19

Can anyone help me create a batch file? Basically, my goal is to create a batch file that will keep the LATEST 7 .txt files (in other words, the newest) in the folder and subsequently delete the rest. That's IF there are more than 7 files in the folder.

The problem I'm having right now is the fact that the batch file that I have created deletes most of the files because their date is from a month or two or so. I want to keep the latest 7 files at all times no matter how old they are.

So this is what I have -

@echo off

setlocal enableextensions

rem ********************************************************************************
rem *******************************  LOCAL VARIABLES  ******************************
rem ********************************************************************************

SET TargetDirectory="C:\TEMP\test"

SET No_of_fles_to_keep=7

SET count=0 

set cnt=0

rem ********************************************************************************

cd /d %TargetDirectory%

REM timeout /T 500

 for %%x in (*) do set /a count+=1

 for %%A in (*.bat) do set /a cnt+=1

cd /d %TargetDirectory%

REM timeout /T 500

IF %count% gtr %No_of_fles_to_keep% forfiles -p %TargetDirectory% -s -m "*.txt" -d -%No_of_fles_to_keep% -c "cmd /c del @path"

echo %count% 

echo File count = %cnt% 

Any help is appreciated.

3 Answers 3

33

You can use DIR with /O-D to list the text files in descending timestamp order. FOR /F allows you to iterate over each file. SET /A is used to keep track of how many files have been listed so far. Now comes the tricky part.

Within a code block you normally need to use delayed expansion to work with the value of a variable that was set earlier in the same block. But delayed expansion can cause problems in a FOR loop if the FOR variable value contains !, and ! is valid in file names. I get around the problem by using SET /A to intentionally divide by 0 when the 7th file name has been read. This raises an error that causes the conditional code to execute that undefines the KEEP variable. From that point on, all remaining files are deleted.

@echo off
setlocal
set /a cnt=0
set "keep=7"
for /f "eol=: delims=" %%F in ('dir /b /o-d /a-d *.txt') do (
  if defined keep (
    2>nul set /a "cnt+=1, 1/(keep-cnt)" || set "keep="
  ) else del "%%F"
)

Update

Oh my goodness, I just realized there is a trivial solution. Just use the FOR /F SKIP option to ignore the first 7 entries after sorting by last modified date, descending.

for /f "skip=7 eol=: delims=" %%F in ('dir /b /o-d /a-d *.txt') do @del "%%F"

You don't even need a batch file. Just change %% to % if run from the command prompt.

9
  • Thank you so much!! I just tested this and it worked like majic. Nov 14, 2012 at 18:38
  • 4
    @user1821881 - I just added an even simpler solution. If you find a post that fully answers your question to your satisfaction, then you should accept it by clicking on the check mark near the upper left corner. That action lets others know the question has been answered, it awards you 2 reputation points, and awards the answer poster 15 rep points. Only 1 answer can be accepted. Once you reach 15 rep points you will gain the privilege to up-vote any answer you find useful, even answers to other people's questions. An up-vote awards the answer poster 10 points.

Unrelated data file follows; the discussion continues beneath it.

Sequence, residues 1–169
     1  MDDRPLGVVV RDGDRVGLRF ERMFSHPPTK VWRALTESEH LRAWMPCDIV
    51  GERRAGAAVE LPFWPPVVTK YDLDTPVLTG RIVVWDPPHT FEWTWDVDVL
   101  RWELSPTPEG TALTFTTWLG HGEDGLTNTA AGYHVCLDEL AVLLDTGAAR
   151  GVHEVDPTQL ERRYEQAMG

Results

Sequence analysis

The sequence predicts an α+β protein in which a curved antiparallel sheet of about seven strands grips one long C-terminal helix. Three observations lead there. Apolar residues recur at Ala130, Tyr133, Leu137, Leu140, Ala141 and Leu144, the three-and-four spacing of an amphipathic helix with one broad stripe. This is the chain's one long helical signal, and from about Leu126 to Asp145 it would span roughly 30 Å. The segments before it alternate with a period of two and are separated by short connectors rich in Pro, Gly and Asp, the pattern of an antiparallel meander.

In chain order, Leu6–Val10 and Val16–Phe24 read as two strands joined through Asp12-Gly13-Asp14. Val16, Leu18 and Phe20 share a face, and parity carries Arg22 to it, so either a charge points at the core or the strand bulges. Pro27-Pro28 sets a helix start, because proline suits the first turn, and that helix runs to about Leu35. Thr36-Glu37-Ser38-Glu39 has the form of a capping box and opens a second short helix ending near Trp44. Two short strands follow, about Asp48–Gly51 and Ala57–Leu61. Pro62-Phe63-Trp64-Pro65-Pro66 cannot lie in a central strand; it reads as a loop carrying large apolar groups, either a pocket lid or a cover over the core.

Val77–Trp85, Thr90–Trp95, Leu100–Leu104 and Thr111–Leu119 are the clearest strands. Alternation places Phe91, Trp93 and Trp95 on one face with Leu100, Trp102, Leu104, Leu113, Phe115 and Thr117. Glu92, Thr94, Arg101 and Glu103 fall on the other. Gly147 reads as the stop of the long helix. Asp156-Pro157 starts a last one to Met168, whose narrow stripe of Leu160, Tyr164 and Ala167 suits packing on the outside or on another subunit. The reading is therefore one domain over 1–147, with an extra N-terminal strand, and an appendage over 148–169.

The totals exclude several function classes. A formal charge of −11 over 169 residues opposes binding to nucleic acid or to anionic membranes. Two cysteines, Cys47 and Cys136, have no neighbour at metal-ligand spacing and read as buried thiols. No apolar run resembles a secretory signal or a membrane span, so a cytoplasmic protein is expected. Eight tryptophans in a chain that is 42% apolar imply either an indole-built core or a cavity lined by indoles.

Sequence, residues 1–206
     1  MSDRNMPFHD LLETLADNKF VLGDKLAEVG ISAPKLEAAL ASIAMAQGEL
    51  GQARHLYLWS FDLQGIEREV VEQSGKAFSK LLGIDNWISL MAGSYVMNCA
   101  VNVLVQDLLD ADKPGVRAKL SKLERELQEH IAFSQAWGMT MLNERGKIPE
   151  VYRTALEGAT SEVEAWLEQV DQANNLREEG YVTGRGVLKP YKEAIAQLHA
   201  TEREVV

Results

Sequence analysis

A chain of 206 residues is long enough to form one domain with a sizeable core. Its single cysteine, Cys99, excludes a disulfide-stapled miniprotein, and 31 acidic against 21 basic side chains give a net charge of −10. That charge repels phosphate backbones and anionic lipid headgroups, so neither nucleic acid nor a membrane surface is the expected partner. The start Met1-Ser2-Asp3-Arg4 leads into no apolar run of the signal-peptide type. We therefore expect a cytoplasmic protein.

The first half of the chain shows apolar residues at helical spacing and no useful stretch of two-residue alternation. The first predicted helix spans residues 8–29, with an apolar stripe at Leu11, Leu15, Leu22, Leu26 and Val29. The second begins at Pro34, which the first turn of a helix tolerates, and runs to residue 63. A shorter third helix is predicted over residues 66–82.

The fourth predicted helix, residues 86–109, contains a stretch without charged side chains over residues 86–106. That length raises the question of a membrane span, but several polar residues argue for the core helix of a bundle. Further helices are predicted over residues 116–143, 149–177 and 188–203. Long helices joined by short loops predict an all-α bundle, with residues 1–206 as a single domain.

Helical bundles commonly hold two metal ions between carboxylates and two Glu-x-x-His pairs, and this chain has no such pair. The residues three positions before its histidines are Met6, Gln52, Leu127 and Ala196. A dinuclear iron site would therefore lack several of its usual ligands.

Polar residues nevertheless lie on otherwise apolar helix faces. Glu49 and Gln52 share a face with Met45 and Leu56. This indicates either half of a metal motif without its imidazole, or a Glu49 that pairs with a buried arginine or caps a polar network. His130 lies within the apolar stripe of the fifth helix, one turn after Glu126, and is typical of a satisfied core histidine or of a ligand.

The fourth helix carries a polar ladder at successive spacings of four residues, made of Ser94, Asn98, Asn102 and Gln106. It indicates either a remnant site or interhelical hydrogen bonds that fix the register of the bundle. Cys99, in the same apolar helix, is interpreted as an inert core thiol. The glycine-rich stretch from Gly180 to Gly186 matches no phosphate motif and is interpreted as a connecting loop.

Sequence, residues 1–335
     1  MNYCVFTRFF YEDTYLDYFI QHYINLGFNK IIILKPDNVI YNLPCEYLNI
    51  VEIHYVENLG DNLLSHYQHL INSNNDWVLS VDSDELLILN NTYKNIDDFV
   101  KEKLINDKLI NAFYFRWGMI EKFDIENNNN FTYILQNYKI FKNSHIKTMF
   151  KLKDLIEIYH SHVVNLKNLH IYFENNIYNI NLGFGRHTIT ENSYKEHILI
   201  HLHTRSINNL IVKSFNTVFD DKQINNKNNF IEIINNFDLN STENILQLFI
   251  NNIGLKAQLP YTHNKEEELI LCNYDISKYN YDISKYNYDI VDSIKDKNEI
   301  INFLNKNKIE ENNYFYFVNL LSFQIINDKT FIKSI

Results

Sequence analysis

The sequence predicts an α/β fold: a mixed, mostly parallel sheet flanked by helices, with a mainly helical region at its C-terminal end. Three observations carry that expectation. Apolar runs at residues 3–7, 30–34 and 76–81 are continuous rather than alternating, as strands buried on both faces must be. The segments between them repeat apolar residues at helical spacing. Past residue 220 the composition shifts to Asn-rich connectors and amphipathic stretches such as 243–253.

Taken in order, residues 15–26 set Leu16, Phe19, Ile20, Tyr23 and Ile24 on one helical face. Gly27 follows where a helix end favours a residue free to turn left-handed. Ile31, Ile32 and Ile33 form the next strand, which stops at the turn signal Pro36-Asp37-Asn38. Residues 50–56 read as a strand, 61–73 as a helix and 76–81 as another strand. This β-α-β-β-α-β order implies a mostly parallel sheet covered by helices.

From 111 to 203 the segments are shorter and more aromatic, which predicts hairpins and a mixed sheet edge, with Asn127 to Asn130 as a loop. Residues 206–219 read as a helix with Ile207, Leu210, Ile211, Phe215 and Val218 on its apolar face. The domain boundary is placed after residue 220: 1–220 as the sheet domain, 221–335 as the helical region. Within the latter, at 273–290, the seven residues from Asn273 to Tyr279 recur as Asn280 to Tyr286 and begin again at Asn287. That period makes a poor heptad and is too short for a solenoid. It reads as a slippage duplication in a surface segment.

– dbenham
    Nov 14, 2012 at 18:54
  • 1
    @SmileyFace - DIR /B /O-D lists the files in reverse chronological order (newest first). FOR /F processes the result. SKIP=7 skips the first 7 lines (the newest files). EOL=: effectively disables the EOL feature that ignores lines beginning with a given character (; by default) because a file path cannot begin with :. DELIMS= preserves the entire line. The DEL command is run for each line (value in %%F) that passes the FOR /F criteria.
    – dbenham
    Nov 12, 2014 at 15:06
  • 1
    @user2924127 - You could include the path in the DIR command - something like 'dir /b /o-d "c:\your path*.txt". Or you could PUSHD to your directory before hand.
    – dbenham
    Dec 23, 2016 at 18:06
  • 1
    EDIT - Added the /A-D switch to make sure we only look at files.
    – dbenham
    Dec 23, 2016 at 18:08
2

The Batch file below use a simpler approach. It use findstr /N "^" command to number each file, then it just compare each number to keep first seven files and delete the rest...

@echo off
for /f "tokens=1* delims=:" %%a in ('dir /b /o-d *.txt ^| findstr /N "^"') do (
   if %%a gtr 7 del "%%b"
)

Antonio

2
  • +1, Your answer forced me to re-evaluate and realize there is an even simpler solution. Use the FOR /F SKIP option - see my revised answer :-)
    – dbenham
    Nov 14, 2012 at 18:55
  • Where I send the folder/path in this command ? For example "c:\tmp\" ???
    – MCunha98
    Aug 28, 2018 at 23:23
-2

This will keep 7 latest .txt files and remove all other .txt files

Execute below command in same directory from which you want to delete files

On command prompt

for /f "skip=7 eol=: delims=" %F in ('dir /b /o-d /a-d *.txt') do @del "%F"

Inside batch script

for /f "skip=7 eol=: delims=" %%F in ('dir /b /o-d /a-d *.txt') do @del "%%F"
1

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